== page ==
and that in circumstances where the victorious party’s objective in obtaining an order is to:

establish the primacy of a declaratory award over an inconsistent judgment, the court will have jurisdiction to make a section 66 order because to do so will be to make a positive contribution to the securing of the material benefit of the award”.  

The court concluded that all that was required was for the party seeking to enforce the award to show that there was a real prospect of establishing that the arbitration award should be preferred over an inconsistent judgment of another court.  The appeal was dismissed.

Whilst the defendant does not yet have a judgment in its favour in Italy (which is likely to be a number of years away), the question remains as to how, if a conflicting judgment is issued in the Italian court, it will be reconciled with the English judgment for the purposes of Article 34(3) of the Brussels Regulation. 

A similar issue was also before the Commercial Court in  “The Christian D” (African Fertilizers and Chemicals NIG Ltd (Nigeria) v BD Shipsnavo GmbH & Co Reederei KG  [2011] 2 Lloyd's Rep. 531).  Proceedings were brought in Romania in breach of an arbitration clause incorporated into a bill of lading.  The claimant in this case sought to enforce a declaratory arbitration award that the arbitration clause was incorporated into the bill of lading and binding on the defendant.  The defendant argued that a purely declaratory award did not constitute a "judgment" for the purposes of Article 34(3).  Beaston J disagreed and held that the English court had jurisdiction under Section 66 of the Arbitration Act 1996 to enter judgment in terms of a declaratory award, a judgment entirely consistent with the “Front Comor” decision above.

The same question arises from both decisions:  how will conflicting judgments of courts of Member States be reconciled with English judgments for the purposes of Article 34(3).  This question is particularly relevant when viewed in the context of ancillary agreements, i.e. the provision of security in the form of an escrow agreement or P&I club letters of undertaking.  When faced with conflicting judgments (i.e. a High Court judgment issued confirming an arbitration award and a judgment of the Italian court), a party which is successful in arbitration, in the form of a declaratory award, could potentially prevent enforcement of an adverse judgment of “another” competent court against security which is subject to English law.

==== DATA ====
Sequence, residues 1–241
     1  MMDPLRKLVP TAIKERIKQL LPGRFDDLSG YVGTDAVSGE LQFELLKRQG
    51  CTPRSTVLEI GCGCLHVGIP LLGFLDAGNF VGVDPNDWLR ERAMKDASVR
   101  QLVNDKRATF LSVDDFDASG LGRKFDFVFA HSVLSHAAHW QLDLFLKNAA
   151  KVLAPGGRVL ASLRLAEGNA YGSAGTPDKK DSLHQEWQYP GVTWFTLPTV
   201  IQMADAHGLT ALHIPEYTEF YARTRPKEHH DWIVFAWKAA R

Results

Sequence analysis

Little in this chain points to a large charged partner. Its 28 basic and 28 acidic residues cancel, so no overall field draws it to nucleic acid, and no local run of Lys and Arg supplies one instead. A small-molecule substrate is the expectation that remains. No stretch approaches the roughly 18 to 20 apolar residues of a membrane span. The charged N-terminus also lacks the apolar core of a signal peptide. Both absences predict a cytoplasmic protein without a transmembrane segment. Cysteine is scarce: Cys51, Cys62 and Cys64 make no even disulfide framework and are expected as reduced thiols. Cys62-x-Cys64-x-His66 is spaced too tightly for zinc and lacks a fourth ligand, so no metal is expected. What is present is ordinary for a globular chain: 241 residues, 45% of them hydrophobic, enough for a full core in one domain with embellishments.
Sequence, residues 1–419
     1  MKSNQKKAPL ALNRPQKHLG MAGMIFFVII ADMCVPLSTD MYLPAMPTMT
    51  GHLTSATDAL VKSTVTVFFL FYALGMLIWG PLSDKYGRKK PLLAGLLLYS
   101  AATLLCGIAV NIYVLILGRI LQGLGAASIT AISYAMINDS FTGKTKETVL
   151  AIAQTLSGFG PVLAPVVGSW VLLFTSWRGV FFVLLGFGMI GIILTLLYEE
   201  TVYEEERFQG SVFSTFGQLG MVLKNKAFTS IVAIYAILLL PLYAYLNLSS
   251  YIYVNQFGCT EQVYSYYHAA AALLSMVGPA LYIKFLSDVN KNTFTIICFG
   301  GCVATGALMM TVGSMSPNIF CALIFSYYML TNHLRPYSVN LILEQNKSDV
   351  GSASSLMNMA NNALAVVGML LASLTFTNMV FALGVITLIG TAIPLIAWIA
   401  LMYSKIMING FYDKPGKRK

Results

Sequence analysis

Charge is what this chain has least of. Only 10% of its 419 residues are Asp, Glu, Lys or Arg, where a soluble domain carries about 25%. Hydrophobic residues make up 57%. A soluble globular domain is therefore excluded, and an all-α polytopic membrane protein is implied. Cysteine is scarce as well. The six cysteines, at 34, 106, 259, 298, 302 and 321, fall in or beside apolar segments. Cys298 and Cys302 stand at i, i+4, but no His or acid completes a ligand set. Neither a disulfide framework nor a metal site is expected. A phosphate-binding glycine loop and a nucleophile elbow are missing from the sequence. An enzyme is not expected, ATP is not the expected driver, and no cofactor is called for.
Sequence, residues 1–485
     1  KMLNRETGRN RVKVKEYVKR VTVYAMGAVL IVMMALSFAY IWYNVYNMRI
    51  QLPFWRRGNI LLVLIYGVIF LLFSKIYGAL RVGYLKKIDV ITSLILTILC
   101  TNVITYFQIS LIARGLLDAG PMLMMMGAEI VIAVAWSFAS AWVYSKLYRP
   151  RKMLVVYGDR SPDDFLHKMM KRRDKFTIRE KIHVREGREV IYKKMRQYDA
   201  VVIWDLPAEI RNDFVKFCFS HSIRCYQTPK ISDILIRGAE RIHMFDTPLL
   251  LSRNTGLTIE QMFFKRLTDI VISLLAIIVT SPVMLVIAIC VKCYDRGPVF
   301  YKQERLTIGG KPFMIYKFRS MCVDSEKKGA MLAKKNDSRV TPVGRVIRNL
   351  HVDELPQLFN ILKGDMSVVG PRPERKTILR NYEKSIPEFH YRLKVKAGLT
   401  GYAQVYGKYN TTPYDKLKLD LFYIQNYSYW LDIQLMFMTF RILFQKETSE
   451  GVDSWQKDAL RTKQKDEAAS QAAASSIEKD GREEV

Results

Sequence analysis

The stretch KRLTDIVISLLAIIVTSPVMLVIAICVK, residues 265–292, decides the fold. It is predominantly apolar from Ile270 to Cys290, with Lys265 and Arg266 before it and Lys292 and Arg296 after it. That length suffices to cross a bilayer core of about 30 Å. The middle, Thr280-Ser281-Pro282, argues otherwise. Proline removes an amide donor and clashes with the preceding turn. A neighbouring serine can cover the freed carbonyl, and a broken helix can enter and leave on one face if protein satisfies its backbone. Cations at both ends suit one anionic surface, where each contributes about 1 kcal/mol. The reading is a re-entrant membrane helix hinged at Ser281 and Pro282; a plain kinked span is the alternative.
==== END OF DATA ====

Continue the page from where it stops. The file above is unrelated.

Club and owners’ worries are not lessened by the latest developments in this case.  And it is of manifest importance in relation to injunctive relief and on a more practical level, the effect of the “competent court” provision in many Club letters of undertaking.

For instance, a party which obtains judgment in its favour from a court in a Member State in breach of an arbitration clause would ordinarily proceed directly to the High Court to enforce that judgment against security, either in the form of an escrow agreement or a letter of undertaking governed by English law and High Court jurisdiction.  The High Court would then be faced with the difficult question of whether to prefer its own judgment in the terms of the declaratory award or the adverse judgment of another European Member State court.

It is too early to say whether this particular problem will arise in either of these matters discussed above but it is indeed only a matter of time before a similar question will need to be determined by the High Court.

With thanks to Asad Naqvi of MFB for preparing this article.